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Wearable Tech: A Promise to Revolutionize Healthcare

wearable technology
Published on May 17, 2022

Technology has made our lives easier. Be it simple technology like the wheel, or a complex tech like a combustive machine, both possess the ability to perform their actions more efficiently and with ease. 

But does the same apply to wearable technology?  

How will wearables tech affect the industry?  

Will wearable technology alter our perspective on healthcare? 

wearable device statistics

While these are big questions, their answers are just as big. 

With the disruptive technology now invading the consumer markets, wearables are demonstrating their potential for efficiency. They possess the ability to streamline how healthcare professionals operate and serve their patients while offering greater efficiency to numerous industrial and commercial applications. Most drugs are expected to work on just 30-50% of patients. But with algorithms, healthcare professionals can turn the reams of data from wearables into bespoke prescriptions and diets for a cure. 

innovative healthcare tech

The Rise of Wearable Tech 

Starting from early diagnosis, wearables can identify subtle changes that otherwise go unnoticed. This is one of the leading factors that will assist healthcare professionals with identifying the symptoms and proposing inexpensive treatment.  

Sensors will assist in revealing if an older patient's balance is starting to weaken. People’s gait and arm-swing change in the initial stages of Parkinson’s. Strength exercises can be undertaken to prevent falls and broken limbs. The devices will also help enhance psychiatric diagnosis by tracking patterns of smartphone use without monitoring what people see or search. 

Smartwatches, smart rings, fitness trackers, and a rapidly growing array of electronically enhanced straps, patches, and other wearables have the potential to record over 7,500 physiological and behavioral variables. Some of these devices are more useful than others.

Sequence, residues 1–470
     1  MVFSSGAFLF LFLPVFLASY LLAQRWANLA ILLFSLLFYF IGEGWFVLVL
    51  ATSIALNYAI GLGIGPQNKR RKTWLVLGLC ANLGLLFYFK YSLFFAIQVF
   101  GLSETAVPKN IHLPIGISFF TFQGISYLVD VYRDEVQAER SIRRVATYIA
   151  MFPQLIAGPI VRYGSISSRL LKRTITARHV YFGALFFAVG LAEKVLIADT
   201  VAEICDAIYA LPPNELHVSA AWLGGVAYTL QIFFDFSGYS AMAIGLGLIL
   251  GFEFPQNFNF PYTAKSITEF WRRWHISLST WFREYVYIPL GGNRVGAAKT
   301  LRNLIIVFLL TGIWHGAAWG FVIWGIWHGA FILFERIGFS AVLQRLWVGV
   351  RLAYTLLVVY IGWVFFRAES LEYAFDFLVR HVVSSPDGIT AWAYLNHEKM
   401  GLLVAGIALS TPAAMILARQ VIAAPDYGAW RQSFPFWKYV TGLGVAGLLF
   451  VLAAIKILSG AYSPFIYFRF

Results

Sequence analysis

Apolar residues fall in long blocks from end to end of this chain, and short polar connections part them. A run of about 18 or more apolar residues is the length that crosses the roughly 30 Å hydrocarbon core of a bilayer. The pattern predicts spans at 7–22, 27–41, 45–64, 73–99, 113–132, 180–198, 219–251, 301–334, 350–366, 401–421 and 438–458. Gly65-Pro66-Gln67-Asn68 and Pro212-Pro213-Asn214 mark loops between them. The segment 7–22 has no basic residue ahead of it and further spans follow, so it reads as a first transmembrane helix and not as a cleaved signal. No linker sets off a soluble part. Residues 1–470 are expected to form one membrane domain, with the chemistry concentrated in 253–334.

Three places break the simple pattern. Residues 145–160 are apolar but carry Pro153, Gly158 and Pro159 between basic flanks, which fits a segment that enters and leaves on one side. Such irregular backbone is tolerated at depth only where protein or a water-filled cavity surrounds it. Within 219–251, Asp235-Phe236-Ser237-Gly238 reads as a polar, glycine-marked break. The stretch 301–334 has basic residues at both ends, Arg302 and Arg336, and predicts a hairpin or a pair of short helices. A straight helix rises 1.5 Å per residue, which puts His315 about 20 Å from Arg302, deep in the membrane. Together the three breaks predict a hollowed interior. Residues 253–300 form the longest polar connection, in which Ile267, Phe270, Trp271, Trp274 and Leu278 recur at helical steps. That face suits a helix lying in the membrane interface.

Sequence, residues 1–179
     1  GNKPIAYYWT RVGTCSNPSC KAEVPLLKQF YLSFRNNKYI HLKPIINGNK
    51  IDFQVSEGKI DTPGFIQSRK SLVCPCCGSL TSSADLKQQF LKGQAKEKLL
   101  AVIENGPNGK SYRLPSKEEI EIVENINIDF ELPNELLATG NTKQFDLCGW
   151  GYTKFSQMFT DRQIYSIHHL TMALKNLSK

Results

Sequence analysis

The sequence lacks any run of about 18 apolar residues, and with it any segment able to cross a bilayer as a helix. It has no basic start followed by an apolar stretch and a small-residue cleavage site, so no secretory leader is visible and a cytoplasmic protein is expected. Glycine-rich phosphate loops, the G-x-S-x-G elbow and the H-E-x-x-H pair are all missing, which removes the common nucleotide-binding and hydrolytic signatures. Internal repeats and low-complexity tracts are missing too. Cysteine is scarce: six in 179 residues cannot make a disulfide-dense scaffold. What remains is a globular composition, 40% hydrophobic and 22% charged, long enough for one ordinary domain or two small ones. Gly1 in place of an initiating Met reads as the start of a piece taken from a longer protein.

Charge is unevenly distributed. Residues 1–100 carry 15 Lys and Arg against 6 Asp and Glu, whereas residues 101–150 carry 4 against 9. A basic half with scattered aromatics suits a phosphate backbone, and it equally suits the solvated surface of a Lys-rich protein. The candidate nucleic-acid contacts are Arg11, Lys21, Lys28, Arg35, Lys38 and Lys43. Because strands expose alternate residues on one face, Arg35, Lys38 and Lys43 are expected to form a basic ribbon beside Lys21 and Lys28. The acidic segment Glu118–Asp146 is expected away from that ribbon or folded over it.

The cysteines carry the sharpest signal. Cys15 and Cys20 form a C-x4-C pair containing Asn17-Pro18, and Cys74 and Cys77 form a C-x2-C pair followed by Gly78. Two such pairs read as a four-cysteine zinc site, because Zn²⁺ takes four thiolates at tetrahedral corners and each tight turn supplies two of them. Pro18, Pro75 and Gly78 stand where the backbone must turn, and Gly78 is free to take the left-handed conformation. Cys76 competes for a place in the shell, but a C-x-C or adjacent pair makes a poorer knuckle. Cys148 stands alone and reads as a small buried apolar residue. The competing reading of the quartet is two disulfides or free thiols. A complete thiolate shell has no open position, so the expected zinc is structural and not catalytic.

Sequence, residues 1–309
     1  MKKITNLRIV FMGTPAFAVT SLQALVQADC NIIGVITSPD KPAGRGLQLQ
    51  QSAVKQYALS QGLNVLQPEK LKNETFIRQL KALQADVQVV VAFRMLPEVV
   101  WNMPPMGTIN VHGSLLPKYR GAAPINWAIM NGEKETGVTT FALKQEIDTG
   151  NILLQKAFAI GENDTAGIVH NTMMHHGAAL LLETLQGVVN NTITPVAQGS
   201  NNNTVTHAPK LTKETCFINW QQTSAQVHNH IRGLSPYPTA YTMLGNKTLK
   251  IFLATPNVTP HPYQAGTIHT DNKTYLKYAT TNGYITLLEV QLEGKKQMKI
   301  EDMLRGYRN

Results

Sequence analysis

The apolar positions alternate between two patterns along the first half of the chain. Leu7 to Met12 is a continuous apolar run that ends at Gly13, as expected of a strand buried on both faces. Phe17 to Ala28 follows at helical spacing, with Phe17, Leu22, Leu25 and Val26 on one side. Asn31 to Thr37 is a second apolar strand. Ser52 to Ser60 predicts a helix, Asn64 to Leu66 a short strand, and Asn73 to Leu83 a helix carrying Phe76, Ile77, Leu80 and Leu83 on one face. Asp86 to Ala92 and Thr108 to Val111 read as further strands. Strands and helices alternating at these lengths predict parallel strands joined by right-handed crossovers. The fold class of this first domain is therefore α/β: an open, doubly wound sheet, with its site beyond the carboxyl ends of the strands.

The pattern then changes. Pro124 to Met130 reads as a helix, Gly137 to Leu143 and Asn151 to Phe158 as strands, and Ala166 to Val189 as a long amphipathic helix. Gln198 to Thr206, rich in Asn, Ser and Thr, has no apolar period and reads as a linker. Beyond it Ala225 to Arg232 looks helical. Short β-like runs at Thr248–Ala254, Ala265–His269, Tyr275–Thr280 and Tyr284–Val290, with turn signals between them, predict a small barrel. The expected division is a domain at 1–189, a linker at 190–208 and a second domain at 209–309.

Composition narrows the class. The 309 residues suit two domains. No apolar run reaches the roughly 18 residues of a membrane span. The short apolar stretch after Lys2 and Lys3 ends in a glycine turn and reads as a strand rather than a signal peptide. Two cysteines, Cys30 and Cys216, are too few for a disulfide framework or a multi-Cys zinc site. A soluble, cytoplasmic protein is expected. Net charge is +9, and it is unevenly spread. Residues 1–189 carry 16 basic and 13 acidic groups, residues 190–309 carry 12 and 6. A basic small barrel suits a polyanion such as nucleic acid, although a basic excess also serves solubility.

smart wearable devices

Wearable tech like smart rings can help a woman conceive by predicting her menstrual cycle. It can also help in detecting pregnancy less than a week after conception (many women continue to drink or smoke for weeks before they realize they are pregnant). Smart tech offers a promise of seeing patients as individuals, not clones of the theoretical, average human.  

Read more: Shopping, Playing, or Working: How Will You Be Spending Your Time in the Metaverse in 2026? 

The Looming Drawback 

Every tech innovation has its share of drawbacks. These wearables bring along with worries - about health care data, patient details, and health insurance. This data could be abused by device-makers, insurers, or governments. The greatest worry is not whether the technology will reach the people who need it most; the greatest worry about this wearable tech is that the bureaucracy of health care will get in the way. The first responsibility for powering the tech in safer hands lies with the market. Clinical efficacy and privacy are helping doctors, insurers, and governments to sort the good from the bad. And healthcare professionals will have a vital role to play. 

healthcare future

The Blessings of Wearables  

Wearables can help transform chronic diseases like diabetes. 80% of diseases can be prevented by changing the ways people lead their lives. By using small devices and clever tactics, ways can be incorporated to move more, eat better, and sleep soundly. Continuous monitoring also assists in shifting the balance of care from what doctors provide in the brief occasional office consultation to what patients can accomplish for themselves. 

The scale of all this wearable tech promises to be vast. Wearables collect and create data, leading to innovation. Smartphones also serve as a platform for innovators. With wearables acquiring more features, users will be less likely to lose interest in them and put them away. 

Technology is enabling healthcare professionals to monitor heart rate, heart rhythm, BP, oxygen saturation, temperature, and blood sugar levels at home. It also helps us to record our daily exercise and the calories burnt. All this can be done on a simple device- a wristwatch that can not only monitor the vital signs but also transmit them to the healthcare professionals on a real-time basis. These dives can also warn patients of an impending medical emergency. 

Wearable technology is poised to revolutionize healthcare. The future of healthcare will be remote monitoring and healthcare delivered at the doorsteps. 

For patients, the innovation in healthcare wearable devices is just getting started. Wearables and artificial intelligence look are set to reshape health care in big ways that promise to lower the costs of receiving treatments and increase the chances of saving lives.